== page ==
Turek Farms in a New York state of mind
As of early June, Jason Turek, a partner in both King Ferry, NY-based Turek Farms and its marketing arm, Cayuga Produce Inc., said its growers were in the midst of harvest in Georgia on sweet corn and planting Labor Day corn in New York. It’s also finishing up pumpkin planting in the latter state.
New York-grown produce represents almost two-thirds of the company sales, so it’s vital that things go well there. Thankfully, that appears to be the case in 2018.
“If you had asked me in April how things looked, I would have said we’d be really behind on things because the last Sunday of the month it snowed, but four days later it was 85 degrees and we started planting,” Turek said. “We had a record-warm May and we made up a lot of ground. Crop-wise, we are on schedule.”
In 2017, the growing season was flooded out three times with monsoon-type rains, which damaged its vine crops and a substantial amount of land was left empty because it couldn’t get things planted in time.
“We kind of button up to our tail end of the season usually near a frost so we can only go so long before we get into trouble, and you just can’t double up your planting the following week,” Turek said. “You can’t get them harvested or sold, so leaving those acres empty last year was a necessity. I hate to jinx myself this year, but we seem to be rolling along the way we want to.”
Growing successfully in the state of New York, he added, takes experience and paying attention to what’s happened before. In other words, Turek Farms doesn’t stray too far from what it did the year before and repeats what has worked year after year.
“New York has some pretty awesome weather most summers and usually can make for some really nice crops, especially your buying crops,” Turek said. “The nights are cool and the days are warm, and vegetables grow at a nice pace like they should. We’re on mineral soils and you can taste the difference.”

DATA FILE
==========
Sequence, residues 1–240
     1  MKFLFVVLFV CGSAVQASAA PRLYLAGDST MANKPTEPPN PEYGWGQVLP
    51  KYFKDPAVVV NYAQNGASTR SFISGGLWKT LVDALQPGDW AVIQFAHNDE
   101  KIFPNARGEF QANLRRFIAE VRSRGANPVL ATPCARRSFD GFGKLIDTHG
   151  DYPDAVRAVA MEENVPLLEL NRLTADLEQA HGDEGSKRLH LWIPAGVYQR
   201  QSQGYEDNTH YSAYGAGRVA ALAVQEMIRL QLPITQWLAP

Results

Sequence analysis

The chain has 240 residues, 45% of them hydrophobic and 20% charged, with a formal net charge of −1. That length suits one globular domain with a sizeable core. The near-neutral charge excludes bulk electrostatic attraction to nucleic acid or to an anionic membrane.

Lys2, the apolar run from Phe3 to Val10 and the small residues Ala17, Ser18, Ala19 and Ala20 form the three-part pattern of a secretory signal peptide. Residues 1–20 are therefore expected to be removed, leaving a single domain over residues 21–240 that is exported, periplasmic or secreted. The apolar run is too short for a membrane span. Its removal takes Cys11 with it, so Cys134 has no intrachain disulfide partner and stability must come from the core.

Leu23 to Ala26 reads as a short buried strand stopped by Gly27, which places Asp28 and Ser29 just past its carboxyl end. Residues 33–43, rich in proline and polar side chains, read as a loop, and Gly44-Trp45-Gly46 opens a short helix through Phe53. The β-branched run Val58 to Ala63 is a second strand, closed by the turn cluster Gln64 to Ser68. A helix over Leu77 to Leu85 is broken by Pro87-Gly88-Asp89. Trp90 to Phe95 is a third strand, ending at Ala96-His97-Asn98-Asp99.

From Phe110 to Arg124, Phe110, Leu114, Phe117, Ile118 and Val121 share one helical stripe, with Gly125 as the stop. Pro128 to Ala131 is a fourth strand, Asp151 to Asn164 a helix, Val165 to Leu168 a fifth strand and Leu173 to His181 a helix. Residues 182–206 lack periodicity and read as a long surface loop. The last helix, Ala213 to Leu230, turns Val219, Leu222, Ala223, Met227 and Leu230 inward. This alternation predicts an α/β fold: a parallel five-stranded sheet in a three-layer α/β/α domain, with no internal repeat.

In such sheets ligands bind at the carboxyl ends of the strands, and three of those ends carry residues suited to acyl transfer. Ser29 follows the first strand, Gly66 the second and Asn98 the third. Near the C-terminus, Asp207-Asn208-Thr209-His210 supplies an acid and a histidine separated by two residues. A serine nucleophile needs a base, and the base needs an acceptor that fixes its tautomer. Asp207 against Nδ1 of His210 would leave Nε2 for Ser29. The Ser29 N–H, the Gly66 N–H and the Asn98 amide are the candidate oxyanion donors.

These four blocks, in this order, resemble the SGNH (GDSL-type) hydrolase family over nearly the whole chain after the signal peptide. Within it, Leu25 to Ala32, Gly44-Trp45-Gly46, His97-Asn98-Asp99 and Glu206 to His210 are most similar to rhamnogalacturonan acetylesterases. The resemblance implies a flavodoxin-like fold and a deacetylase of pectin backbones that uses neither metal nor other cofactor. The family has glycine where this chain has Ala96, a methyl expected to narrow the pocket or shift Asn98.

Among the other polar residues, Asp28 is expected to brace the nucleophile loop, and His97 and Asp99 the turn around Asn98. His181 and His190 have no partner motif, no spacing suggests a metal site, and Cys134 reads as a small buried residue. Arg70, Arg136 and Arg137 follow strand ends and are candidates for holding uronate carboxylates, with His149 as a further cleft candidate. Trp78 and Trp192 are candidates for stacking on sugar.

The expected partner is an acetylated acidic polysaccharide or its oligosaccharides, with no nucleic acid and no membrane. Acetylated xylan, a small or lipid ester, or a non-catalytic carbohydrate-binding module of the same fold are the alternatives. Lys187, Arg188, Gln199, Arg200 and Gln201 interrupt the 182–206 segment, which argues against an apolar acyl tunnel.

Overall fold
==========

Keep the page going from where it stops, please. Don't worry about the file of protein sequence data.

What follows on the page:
That’s something Turek’s grandfather used to say, and he believes that to be true. “Our cool nights put some flavor into the crops,” he said.
The company ships its produce up and down the East Coast, from Maine to Miami, and naturally has a big buying contingent in its home state of New York.
Turek Farms also partners with Cornell University and Primus Labs to implement the latest advances in biological control to reduce pesticide use in its fields.
“I’m an alum and my uncle is an alum, so it’s just a great resource to use in your backyard,” Turek said. “We try to utilize them and also do a lot of our testing with all the major seed companies. We usually have two or three different seed trials on the farm each year to try new varieties and see what’s up and coming.”
Weather is still the biggest challenge about growing in New York, though labor issues are quickly catching up. Turek admitted the H-2A program is very cumbersome and aggravating but it’s the only alternative at this point.
“If someone had told me when I was a little kid aspiring to be a farmer that my days would be filled up with paperwork and forms and compliance, I may have thought differently about farming,” he said.